Everlasting vs. Evergreen

It was good to get away. While most folks plan their getaways during the summer months, I barely leave the farm at all, with the exception of daily deliveries (which I mostly still do myself because this is a young business, and because the delivery van has A/C). Every year, since we took up as caretakers of this 23 some acres of earth, we have hosted family and friends for Thanksgiving at the big table in the farmhouse that occupied this place for an entire century before the White album was released. This year we spent Thanksgiving in Boulder, Colorado.

I lived in Boulder in my mid-20s. I had two young daughters, and was pursuing a career in midwifery. For those of you just getting to know me, Jules (Benji and my 3yo) has two older sisters, Emma (23) "Sissy," and Sadie (20) "Snip." Jules is an uncle to Zara, Sissy's almost 2yo, who calls him "Juice" and calls me "Gigi." Life sure is funny. 

For the most part, I wouldn't want to be anywhere else during the summer. I love it here, and the land has been so generous with us. We could have done that. Ben works at the college so we could be almost anywhere during the summer months. We could live in town and rent our place to the track-goers for a small fortune.... It's funny we don't because what we do is a tremendous amount of work!

Traditions become a big part of any life on a farm. At least, that is how I've come to think about the different kinds of work associated with changing seasons. Traditions, with all the little rituals around them, another reason to celebrate! Is that just something you do? When you haven't pulled a paycheck in a while? What is the nature of work? What we did in Colorado was, decidedly, not work, and that was nice. I FINALLY found a knife I like, ate tacos and ramen, and turkey dinner, of course. Colorado is the only state I've ever known in which direction I was headed. Sometimes ya just gotta get away to get any perspective. I know, I don’t have to tell you, but I do find myself learning this over and over again. Hence the blog.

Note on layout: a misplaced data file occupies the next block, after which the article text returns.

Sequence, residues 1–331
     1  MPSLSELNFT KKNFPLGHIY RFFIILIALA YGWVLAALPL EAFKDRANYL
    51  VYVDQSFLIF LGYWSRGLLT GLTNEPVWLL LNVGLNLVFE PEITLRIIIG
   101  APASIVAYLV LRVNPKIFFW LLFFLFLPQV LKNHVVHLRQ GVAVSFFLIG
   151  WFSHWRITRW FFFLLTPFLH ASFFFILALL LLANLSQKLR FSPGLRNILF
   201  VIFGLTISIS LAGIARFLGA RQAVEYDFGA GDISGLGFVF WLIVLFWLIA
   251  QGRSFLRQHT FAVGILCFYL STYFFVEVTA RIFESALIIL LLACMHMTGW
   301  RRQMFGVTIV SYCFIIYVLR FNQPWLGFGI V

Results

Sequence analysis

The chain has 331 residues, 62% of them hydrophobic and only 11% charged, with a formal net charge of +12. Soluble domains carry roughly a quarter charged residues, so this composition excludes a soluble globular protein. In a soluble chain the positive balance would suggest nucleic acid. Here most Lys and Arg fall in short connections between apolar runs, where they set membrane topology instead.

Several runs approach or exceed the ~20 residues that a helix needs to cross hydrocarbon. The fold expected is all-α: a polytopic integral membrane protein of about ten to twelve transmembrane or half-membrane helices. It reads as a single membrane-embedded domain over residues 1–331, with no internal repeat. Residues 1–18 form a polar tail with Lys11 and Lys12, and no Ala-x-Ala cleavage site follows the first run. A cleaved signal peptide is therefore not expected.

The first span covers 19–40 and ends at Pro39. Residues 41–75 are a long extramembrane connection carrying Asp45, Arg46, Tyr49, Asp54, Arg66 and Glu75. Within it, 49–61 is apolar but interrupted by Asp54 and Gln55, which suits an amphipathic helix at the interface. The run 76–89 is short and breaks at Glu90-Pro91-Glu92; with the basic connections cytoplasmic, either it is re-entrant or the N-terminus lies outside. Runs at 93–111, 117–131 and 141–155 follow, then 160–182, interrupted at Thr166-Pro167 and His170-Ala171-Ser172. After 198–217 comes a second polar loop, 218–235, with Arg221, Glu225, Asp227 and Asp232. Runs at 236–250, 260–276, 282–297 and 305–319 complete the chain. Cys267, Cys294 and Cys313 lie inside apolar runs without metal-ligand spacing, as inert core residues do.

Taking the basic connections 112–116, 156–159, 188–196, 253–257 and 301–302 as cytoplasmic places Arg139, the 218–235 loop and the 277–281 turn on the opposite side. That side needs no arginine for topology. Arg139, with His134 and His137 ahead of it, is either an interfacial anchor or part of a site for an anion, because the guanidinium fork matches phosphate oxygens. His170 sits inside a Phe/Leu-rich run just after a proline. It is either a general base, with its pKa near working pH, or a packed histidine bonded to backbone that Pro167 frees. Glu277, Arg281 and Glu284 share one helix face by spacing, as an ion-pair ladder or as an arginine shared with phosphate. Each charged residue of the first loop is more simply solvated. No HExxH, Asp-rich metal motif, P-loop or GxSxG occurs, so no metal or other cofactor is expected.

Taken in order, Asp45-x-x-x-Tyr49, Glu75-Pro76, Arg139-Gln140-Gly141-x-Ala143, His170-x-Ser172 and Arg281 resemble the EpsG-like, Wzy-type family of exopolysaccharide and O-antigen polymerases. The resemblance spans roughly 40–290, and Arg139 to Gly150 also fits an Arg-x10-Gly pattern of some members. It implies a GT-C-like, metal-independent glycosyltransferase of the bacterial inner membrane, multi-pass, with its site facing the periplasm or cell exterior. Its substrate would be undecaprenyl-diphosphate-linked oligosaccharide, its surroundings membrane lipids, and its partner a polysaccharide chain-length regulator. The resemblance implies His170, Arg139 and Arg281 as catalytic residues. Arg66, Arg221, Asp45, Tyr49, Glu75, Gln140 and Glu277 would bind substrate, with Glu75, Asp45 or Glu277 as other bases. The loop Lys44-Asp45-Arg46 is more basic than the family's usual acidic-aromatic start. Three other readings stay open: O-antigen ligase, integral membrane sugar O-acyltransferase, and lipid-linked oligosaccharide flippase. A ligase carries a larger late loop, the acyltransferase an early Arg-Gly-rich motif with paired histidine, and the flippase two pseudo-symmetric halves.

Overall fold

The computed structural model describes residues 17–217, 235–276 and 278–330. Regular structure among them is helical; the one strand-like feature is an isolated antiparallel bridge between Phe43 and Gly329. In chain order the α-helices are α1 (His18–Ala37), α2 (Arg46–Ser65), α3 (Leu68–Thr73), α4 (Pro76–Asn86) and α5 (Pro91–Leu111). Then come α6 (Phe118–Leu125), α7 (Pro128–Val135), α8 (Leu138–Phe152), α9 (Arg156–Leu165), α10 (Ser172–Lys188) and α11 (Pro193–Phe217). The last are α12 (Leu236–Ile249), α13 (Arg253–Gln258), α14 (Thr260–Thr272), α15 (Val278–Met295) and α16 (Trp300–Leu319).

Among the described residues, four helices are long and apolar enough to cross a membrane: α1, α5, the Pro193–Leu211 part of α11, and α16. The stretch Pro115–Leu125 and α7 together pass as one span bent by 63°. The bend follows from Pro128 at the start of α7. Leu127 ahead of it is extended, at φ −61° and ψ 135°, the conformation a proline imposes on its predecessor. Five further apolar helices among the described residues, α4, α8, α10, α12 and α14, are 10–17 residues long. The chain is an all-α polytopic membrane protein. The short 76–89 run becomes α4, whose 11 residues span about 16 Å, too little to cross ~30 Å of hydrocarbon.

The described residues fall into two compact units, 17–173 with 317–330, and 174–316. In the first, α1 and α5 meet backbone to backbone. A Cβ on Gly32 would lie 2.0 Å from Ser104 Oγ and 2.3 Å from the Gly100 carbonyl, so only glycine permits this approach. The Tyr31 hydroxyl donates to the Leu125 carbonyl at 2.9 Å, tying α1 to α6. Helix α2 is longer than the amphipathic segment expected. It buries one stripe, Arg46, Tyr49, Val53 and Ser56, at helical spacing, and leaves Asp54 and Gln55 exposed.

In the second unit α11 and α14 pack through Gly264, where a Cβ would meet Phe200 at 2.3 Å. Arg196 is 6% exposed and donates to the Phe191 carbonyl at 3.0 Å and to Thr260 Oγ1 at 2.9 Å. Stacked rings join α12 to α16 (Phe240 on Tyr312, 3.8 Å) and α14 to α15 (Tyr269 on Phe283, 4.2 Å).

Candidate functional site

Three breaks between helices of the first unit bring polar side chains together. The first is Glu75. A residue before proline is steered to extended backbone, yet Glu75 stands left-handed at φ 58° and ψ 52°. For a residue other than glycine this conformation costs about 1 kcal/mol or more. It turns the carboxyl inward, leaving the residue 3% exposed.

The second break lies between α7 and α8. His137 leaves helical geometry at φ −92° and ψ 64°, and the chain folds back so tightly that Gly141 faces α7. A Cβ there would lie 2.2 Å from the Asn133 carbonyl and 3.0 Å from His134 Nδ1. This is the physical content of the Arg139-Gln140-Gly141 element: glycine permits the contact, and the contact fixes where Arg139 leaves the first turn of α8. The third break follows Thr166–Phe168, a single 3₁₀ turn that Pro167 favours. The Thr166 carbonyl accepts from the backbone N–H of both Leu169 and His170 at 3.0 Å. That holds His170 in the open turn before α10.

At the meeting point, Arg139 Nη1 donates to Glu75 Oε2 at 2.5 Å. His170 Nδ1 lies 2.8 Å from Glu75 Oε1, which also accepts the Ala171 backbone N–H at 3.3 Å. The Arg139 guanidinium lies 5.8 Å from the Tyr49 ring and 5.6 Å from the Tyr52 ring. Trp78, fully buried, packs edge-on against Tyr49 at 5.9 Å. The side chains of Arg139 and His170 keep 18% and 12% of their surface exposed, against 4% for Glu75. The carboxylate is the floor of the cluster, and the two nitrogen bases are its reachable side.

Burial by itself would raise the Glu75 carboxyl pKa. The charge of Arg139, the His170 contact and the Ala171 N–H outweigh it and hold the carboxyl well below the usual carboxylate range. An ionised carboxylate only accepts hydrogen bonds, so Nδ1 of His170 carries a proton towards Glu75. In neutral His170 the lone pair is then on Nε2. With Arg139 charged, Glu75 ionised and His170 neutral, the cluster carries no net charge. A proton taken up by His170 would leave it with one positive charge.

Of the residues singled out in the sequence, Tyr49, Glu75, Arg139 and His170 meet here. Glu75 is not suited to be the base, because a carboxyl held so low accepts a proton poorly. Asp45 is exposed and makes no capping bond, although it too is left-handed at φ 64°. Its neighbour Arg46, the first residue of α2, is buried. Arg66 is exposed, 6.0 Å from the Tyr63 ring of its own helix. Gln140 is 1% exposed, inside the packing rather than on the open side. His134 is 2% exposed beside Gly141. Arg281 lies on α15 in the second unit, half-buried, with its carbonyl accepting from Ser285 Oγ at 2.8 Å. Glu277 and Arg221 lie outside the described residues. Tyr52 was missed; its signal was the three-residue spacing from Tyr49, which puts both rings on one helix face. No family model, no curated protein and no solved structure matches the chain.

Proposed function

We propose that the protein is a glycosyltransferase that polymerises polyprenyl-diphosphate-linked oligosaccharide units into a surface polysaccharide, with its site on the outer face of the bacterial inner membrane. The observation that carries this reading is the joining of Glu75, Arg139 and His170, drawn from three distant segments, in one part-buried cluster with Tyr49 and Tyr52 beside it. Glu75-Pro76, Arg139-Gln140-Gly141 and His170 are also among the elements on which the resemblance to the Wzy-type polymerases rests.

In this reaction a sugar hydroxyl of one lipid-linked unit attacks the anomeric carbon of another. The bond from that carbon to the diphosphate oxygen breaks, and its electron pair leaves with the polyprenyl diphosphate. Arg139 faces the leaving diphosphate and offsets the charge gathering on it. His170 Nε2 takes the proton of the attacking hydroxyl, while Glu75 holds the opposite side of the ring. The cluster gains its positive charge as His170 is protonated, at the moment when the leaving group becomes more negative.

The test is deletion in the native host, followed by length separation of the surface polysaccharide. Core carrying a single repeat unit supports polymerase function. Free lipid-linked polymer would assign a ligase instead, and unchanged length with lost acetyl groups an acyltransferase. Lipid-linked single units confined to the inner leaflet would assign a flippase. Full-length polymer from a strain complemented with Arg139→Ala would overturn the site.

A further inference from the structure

Back in NY, the ground finally freezes, the rain (unrelenting this year) turns to snow. And then back to rain. Supposed to be 40 on Sunday. I realize, at last inventory, that I have four everlasting wreaths left in the Wreath Shop before I switch to the evergreen variety. I wonder about their longevity. 40 degrees is warm for them. It seemed funny, for a moment, to note that the “evergreens” will last only during the cold season, while the “everlasting” will remain interesting for years, kept inside and out of sunlight. Dust, eventually, will do it in. As I add wreath making to the cycle, I wonder how many times I’ll repeat these motions, hone them, master?

robin hollandComment